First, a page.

The new scheme enables eligible parents to receive a contribution from the Government of 20% of their childcare costs, up to an annual limit of £2,000 per child or in the case of a disabled child up to £4,000.

The scheme operates between Parents and the Government, technically employers need to do nothing. Parents can pay money into a childcare account and have the payments topped up by the Government. For example, for every £8 paid in by parents, the Government top up payment into the account will be £2.

For parents of children under age 4 on 31 August 2017 the Tax-free Childcare is available from 21 April 2017.Or for a child who is disabled (aged under 17). The scheme is being rolled-out during 2017 in relation to all children under 12 (where parents qualify).

What parents qualify?

Parents will have to be in work, and each earning at least £120 a week and not more than £100,000 each per year. The scheme is designed to be flexible for parents if, for example, they want to get back to work after the birth of a child or work part-time.

The scheme will be available to parents on paid sick leave and paid and unpaid statutory maternity, paternity and adoption leave.

Self-employed parents will be able to get support with childcare costs under this scheme.

10 things a parent should know link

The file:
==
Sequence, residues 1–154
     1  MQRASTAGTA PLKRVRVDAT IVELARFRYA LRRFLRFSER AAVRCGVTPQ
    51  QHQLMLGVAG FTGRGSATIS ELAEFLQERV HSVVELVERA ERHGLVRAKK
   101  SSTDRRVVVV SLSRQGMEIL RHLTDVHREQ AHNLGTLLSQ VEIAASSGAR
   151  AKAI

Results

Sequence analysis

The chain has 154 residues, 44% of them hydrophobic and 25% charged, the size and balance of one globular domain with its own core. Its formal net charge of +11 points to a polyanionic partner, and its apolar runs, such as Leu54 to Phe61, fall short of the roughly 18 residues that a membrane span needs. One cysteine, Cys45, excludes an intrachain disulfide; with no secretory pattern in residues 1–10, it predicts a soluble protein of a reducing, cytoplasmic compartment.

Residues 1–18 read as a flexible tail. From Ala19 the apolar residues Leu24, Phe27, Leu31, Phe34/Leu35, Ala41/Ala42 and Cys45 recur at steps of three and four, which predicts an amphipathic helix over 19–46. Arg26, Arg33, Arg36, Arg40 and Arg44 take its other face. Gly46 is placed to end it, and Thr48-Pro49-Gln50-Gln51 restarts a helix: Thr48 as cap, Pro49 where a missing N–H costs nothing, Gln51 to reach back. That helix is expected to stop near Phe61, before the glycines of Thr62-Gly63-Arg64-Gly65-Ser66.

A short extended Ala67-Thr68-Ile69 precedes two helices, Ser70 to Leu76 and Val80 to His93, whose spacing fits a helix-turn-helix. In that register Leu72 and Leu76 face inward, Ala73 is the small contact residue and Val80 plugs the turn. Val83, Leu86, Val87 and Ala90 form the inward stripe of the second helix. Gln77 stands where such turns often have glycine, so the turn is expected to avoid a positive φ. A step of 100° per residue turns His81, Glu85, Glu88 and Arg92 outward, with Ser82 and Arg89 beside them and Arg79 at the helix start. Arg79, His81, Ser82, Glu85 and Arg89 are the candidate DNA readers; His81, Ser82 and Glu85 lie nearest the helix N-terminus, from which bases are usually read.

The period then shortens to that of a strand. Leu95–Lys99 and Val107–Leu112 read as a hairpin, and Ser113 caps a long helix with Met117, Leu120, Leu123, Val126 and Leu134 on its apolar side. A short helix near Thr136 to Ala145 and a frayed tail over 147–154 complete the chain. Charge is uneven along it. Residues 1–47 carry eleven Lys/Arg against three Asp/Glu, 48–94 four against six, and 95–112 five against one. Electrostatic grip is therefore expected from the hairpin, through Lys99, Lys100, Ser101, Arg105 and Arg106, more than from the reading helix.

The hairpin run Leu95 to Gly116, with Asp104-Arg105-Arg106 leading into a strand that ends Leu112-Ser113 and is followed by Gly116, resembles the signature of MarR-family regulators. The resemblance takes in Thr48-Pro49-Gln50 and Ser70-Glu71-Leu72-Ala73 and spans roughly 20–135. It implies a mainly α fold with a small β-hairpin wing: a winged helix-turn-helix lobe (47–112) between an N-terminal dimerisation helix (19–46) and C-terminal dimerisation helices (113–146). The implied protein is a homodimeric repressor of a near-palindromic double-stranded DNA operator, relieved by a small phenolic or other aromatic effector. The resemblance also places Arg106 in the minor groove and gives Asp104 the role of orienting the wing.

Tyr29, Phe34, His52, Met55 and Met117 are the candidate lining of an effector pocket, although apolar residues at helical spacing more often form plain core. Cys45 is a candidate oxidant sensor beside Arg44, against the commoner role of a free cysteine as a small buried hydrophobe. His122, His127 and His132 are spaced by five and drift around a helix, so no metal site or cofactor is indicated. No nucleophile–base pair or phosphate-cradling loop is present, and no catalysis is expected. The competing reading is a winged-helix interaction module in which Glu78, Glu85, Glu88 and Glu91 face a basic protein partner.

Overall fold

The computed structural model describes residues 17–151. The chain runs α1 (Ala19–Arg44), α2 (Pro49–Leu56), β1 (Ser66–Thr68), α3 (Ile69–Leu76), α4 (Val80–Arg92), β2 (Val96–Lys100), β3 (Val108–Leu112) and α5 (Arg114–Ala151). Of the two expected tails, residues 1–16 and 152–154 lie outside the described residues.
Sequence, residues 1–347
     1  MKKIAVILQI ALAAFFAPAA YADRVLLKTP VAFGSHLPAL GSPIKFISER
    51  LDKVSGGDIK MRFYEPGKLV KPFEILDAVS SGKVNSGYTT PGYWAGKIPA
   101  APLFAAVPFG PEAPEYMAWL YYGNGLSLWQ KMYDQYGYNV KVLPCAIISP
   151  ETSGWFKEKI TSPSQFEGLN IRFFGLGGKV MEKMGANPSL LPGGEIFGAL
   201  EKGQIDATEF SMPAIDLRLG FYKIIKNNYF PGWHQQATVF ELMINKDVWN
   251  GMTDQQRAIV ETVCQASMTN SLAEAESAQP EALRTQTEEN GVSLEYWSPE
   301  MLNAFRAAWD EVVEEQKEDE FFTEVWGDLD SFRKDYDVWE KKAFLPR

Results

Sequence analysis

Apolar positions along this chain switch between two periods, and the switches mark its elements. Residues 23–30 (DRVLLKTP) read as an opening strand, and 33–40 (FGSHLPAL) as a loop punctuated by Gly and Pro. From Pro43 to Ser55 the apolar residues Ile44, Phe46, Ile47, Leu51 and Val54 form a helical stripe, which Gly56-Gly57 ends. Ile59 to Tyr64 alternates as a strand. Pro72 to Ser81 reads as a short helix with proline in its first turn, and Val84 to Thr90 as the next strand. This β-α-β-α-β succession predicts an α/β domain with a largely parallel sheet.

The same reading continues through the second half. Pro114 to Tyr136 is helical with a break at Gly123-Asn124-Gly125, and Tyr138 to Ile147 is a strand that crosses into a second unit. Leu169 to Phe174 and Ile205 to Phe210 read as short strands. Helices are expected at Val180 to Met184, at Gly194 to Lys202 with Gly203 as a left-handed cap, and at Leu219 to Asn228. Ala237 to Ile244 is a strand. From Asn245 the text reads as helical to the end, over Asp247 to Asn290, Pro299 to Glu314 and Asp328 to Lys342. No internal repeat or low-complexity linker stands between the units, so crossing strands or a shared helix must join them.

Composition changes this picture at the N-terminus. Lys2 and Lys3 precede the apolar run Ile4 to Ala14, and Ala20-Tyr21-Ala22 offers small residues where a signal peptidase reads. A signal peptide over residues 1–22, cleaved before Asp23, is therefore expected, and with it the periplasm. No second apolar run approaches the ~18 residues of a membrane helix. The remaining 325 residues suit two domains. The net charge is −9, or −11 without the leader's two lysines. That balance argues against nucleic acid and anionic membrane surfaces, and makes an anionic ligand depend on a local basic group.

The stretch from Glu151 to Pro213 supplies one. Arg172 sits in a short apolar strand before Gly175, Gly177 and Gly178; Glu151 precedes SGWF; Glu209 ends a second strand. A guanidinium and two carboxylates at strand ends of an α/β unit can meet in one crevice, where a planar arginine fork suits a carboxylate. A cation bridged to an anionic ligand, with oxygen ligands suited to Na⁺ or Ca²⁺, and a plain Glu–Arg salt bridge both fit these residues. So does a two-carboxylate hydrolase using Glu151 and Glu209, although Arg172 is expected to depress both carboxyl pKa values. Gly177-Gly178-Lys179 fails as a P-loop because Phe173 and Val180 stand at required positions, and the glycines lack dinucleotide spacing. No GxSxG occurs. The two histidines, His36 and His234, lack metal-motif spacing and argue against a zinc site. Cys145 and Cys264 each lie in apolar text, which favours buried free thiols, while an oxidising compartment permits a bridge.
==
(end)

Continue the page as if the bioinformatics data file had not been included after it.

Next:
What is the role of employers?

Employers can act as a source of information on the scheme, for example by referring employees to the Government web portal for advice.

The Government website link

A good time to provide this type of information is when employees are reviewing the family friendly policies or due to take or return from Employers can also choose to pay into a childcare account if they wish to do so. This could be done by facilitating payment into the childcare account on behalf of the employee. Under this option the employer makes the payment into the childcare account directly from the employee’s net pay via the payroll system.

Employers may choose to make additional payments into childcare accounts without an employee’s net pay being reduced. In this case, the additional payment made by the employer will be classed as earnings and subject to appropriate tax and national insurance deductions. Employers can either make regular smaller payments or a bulk payment.

Suzie Bogle
Suzie Bogle
Owner of Breathing Space HR Ltd, HR Consultancy specialising in SME businesses. Creator of up&up - high flying HR

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